Orthoptists are experts in assessing visual function, particularly in children and those with communication difficulties. They specialise in how the eyes work together, called binocular vision and in understanding why and how neurological impairments affect the way we see. Orthoptists assess, diagnose ,monitor and treat a wide variety of disorders from strabismus and amblyopia to cranial nerve paralysis. These can be caused by issues with the muscles surrounding the eye or defects in the nerves enabling the brain to communicate with the eyes.
The age range of patients we see will be from the very young to the elderly. Excellent communication skills are required as you will be dealing with members of the public on a daily basis, as well as liaising with the consultant body and ophthalmology team. It is a very rewarding job with lots of different career options.
In the morning you might be working in eye casualty diagnosing and treating a variety of binocular vision anomalies. These may be patients who experience sudden onset double vision, which causes the patient to be very disorientated and unable to make sense of what they see as their eyes can no longer work together. It is my job to make assessments about how the eye muscles are working and to try and alleviate their symptoms.
After lunch you may find yourself working alongside the paediatric ophthalmology consultants seeing, diagnosing and treating a wide variety of conditions from strabismus (squint), amblyopia (poor vision in one or either eye) our doing pre and post-operative measurements for patients undergoing or just out of surgery.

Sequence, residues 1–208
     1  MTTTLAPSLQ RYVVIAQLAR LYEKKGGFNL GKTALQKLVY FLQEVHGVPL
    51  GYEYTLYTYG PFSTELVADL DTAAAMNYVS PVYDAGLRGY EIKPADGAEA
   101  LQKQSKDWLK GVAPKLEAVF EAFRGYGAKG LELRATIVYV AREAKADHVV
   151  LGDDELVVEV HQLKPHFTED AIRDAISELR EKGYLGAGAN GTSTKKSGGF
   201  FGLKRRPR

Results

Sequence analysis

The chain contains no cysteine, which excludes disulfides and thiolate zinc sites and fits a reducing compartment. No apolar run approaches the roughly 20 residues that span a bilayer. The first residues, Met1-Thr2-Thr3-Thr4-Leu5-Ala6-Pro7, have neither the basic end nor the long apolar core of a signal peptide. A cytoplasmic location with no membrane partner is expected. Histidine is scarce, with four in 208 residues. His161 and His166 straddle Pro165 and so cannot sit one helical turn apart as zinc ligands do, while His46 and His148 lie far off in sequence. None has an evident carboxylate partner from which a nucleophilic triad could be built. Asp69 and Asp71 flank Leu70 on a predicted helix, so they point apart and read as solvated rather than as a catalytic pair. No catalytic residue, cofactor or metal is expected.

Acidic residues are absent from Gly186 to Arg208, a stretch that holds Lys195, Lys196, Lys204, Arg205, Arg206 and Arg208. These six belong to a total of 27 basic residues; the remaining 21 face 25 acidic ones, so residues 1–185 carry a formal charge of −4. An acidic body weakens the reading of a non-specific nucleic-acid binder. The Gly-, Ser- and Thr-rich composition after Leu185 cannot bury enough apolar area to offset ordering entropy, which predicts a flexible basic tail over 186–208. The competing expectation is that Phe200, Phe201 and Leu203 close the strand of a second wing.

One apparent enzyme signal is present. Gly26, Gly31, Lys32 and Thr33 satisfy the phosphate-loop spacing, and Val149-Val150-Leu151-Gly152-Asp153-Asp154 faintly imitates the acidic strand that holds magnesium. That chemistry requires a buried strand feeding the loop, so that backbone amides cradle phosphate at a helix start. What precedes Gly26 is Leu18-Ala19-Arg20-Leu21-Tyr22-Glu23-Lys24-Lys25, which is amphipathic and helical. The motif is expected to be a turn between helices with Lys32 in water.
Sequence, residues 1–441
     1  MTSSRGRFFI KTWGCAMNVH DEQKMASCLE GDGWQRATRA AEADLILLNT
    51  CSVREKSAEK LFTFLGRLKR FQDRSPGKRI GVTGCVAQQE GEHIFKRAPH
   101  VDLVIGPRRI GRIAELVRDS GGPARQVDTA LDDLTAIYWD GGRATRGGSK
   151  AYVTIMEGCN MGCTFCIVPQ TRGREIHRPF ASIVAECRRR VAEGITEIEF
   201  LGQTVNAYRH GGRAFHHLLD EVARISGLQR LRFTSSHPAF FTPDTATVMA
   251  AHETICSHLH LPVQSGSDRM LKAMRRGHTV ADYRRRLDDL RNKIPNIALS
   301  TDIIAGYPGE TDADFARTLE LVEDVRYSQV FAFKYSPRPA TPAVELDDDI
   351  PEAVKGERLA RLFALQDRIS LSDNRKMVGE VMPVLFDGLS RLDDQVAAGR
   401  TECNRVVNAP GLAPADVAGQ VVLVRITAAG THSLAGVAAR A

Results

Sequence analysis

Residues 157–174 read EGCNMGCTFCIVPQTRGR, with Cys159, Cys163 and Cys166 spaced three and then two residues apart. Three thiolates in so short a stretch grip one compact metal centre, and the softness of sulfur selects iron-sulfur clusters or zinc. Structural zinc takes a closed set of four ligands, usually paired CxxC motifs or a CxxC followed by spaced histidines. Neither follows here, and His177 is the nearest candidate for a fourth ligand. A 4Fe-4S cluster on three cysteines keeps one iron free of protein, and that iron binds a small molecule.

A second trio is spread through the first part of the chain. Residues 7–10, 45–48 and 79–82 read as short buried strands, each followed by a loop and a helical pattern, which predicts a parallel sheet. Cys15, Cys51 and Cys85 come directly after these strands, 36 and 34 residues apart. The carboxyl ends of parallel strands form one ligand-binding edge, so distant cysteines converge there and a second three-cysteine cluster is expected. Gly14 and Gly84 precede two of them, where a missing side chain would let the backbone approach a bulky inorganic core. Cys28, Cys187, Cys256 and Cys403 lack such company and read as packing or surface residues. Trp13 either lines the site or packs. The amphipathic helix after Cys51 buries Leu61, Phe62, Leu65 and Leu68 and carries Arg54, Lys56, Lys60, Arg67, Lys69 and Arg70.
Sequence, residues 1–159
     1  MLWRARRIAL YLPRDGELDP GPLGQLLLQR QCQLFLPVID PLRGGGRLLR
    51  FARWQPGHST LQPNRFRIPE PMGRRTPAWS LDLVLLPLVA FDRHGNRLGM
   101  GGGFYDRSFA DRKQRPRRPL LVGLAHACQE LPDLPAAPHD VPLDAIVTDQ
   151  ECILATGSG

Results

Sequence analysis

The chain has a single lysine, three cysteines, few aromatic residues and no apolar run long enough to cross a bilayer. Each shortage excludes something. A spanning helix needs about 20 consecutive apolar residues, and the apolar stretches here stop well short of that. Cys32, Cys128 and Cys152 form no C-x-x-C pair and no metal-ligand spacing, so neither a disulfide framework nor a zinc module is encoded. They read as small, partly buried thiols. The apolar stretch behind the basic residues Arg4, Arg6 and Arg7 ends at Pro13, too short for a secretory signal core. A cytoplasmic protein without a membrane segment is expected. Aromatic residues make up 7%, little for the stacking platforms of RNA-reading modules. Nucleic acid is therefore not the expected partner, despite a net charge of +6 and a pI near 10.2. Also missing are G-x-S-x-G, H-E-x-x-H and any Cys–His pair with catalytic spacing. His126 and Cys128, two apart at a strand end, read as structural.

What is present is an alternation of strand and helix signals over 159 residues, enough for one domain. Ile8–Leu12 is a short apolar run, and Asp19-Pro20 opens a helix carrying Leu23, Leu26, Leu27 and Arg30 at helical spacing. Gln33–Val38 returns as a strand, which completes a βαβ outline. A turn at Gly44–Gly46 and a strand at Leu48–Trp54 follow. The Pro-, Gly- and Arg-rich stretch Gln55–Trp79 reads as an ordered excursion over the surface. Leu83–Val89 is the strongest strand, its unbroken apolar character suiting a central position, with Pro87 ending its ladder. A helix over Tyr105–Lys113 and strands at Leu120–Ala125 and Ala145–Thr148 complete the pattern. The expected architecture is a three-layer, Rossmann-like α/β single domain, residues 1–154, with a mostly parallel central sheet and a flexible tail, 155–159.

As an orthoptist, there is a wide range of career paths to choose from including research, teaching, becoming a clinical tutor, specialist orthoptist roles (i.e.neuro orthoptics or children with special needs) as well as working within the community.
Why I chose to be an orthoptist:
I had set my goal on becoming a physiotherapist, but due to a clerical error I missed the cut off date for that intake and I could not enrol for another year. My mother worked as a receptionist for the orthoptists and I met them by accident. I had never heard of the word orthoptics, let alone knew what it meant (it comes from Greek word ‘ortho’ meaning straight and ‘optics’ relating to the eyes). I went and observed what they did and knew I would love the job. I managed to train at Moorfields Eye Hospital, qualified and I am now head of the orthoptic department. I have never regretted my decision and have enjoyed every day of my working life. It is a very rewarding career with lots of flexibility.